The effect of the gene ADNP on the brain of men and women and diseases such as autism and Alzheimer’s
Autism and Alzheimer’s are two diseases with significant medical and social implications. A study by Tel-Aviv University reveals that the activity of certain proteins in males and females can lead to different gender-specific tendencies towards these disorders.
These new findings present insights about the mechanisms of these diseases in both sexes. The findings may lead to the development of innovative drug therapies for treating autism or Alzheimer’s, that are gender specific.
ADNP is a vital neuroprotective protein that is frequent in people with autism and can be found in low levels in laboratory tests undergone by Alzheimer’s patients. Research showed that ADNP acts differently in male and female mice. Researchers showed that ADNP-altered mice (that had some of their ADNP removed for the experiment) acted differently, and lost their learning, memory, and cognitive abilities, based on communication with other mice in their environment.
Results of the research lead by Professor Illana Gozes, published in “Psychiatry Transitional”, can help conclude that the ADNP gene has a different effect on the brains of females and males, due to sex-specific genetic tendencies.
These results support the understanding that Alzheimer’s and autism appear in different prevalence among men and women. Alzheimer’s, for instance, is more common among women. The reasons for these differences are still unknown, but the new research may help pave the way for future discoveries in the field of genetics.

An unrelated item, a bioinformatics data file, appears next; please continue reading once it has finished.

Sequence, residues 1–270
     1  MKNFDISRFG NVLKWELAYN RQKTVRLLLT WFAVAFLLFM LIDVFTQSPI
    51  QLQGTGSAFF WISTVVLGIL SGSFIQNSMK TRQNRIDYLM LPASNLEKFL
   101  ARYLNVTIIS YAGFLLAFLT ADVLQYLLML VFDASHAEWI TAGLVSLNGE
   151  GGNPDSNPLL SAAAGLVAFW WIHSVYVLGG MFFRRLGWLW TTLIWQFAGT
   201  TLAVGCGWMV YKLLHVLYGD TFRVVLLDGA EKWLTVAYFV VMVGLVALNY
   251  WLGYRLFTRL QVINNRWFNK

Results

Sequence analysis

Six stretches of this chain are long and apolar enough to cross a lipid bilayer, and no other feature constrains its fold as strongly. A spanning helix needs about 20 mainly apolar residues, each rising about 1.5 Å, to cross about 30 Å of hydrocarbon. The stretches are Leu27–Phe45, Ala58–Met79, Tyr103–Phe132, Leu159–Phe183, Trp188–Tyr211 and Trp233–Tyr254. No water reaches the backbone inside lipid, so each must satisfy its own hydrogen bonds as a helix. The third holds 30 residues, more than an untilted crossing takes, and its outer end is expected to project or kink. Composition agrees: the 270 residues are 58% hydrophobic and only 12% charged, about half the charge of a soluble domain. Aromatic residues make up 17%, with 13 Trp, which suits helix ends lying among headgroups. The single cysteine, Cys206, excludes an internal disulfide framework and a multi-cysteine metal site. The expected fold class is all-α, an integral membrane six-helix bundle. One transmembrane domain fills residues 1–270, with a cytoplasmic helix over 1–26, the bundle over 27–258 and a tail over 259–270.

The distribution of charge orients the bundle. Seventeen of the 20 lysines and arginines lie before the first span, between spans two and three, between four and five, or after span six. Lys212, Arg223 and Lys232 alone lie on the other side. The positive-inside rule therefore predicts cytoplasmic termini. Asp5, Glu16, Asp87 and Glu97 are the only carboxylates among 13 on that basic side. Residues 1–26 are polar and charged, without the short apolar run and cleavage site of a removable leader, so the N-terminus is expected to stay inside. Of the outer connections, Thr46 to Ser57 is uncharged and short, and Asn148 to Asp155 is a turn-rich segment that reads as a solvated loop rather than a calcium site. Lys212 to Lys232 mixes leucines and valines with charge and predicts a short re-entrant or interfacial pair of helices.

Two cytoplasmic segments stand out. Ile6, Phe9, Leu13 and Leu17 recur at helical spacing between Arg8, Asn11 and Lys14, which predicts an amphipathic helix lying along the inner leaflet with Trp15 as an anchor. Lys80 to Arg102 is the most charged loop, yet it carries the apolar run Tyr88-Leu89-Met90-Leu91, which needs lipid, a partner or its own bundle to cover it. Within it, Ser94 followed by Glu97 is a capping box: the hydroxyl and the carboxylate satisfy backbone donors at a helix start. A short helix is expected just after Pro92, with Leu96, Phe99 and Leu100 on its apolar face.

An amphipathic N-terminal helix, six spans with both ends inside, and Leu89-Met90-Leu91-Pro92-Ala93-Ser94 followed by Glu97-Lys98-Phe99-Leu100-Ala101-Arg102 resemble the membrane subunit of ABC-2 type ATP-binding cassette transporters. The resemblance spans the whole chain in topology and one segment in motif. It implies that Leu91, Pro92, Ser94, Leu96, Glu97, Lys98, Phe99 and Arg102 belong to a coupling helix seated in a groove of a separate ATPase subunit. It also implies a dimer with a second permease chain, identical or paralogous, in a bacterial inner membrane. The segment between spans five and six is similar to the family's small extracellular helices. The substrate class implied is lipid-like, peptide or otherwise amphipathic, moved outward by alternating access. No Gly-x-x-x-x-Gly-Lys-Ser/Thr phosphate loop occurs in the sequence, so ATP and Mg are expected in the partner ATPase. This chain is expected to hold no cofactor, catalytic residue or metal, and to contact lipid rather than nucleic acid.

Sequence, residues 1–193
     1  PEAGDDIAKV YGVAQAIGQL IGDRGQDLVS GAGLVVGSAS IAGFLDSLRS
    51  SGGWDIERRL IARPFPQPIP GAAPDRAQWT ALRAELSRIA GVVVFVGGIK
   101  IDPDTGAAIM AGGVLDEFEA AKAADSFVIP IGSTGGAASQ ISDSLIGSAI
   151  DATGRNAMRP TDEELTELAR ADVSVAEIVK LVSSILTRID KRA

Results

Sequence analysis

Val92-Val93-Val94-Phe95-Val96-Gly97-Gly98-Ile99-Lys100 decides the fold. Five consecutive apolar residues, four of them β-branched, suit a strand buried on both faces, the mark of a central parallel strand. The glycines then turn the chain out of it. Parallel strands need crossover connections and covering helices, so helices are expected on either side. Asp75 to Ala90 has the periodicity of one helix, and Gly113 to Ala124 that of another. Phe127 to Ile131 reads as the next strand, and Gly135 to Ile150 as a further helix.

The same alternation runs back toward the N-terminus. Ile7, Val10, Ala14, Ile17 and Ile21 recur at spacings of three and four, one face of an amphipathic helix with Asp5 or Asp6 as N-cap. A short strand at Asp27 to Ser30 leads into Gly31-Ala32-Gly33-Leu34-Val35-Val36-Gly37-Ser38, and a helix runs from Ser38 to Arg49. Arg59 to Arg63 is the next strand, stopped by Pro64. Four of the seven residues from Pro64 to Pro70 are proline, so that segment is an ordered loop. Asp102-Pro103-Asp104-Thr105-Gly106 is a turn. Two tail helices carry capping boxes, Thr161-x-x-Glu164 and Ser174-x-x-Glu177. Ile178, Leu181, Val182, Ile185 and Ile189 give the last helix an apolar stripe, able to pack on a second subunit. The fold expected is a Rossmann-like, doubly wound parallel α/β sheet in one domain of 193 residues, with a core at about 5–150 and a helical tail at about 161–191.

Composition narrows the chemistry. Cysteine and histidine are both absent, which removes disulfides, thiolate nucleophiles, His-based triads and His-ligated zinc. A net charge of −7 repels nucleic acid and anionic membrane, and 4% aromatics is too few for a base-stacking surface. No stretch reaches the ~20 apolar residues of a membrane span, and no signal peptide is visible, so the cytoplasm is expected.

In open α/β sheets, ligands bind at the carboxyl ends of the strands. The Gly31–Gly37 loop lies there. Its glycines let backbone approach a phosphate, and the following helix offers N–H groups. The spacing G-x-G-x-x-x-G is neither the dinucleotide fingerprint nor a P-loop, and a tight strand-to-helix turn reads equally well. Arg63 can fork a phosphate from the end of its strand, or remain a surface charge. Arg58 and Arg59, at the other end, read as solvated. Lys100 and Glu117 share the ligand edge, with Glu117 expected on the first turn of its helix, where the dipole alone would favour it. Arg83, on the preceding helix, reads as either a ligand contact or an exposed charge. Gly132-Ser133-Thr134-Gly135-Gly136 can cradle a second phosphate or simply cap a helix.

Researchers examined the mice’s reaction to certain odors, measured in two parameters including the function of the sense of smell, and this function in relation to memory. Significant differences were found between males and females in the different groups, with the males identifying objects by odor, unlike female mice. Researchers claim that if they understand how this gene acts in males and females, they can optimize drugs used in autism and Alzheimer therapy.
The gender factor and its effect on research results
During research, Professor Gozes and her team examined the behavior of male and female mice with normal and altered ADNP. Researchers assigned the mice to different challenges and stimuli and observed the social interactions between them. To do so, they removed one copy of the gene ADNP, that regulates over 400 types of protein involved in development. They then examined the reactions of the mice to familiar objects and odors, and to other mice.
Results showed sex-specific differences in the mice’s memory and learning abilities, that reflect the reaction of their hippocampus to the ADNP alteration. Male mice with altered ADNP showed memory impairments and object recognition deficiencies, whereas female ADNP-altered mice showed difficulty in adjusting to the company of other mice compared to the un-altered females. The males preferred specific mice, which shows memory deficiencies. This preference did not occur in other mice.
The uniqueness of this study
According to researchers involved in this study, these findings may help promote research on autism and Alzheimer’s, both highly researched topics in recent years. Gender influenced the ADNP expression, and this affected the chemical expression of the different neurological disorders in both genders.
The brains of male and female mice may look similar, but in fact are not as they seem. Different ADNP gene expressions in the two sexes may promote different behavior patterns and cognitive abilities. This research emphasizes the need for a separate analysis of information from men and women during clinical trials to find drug therapy that is sex specific.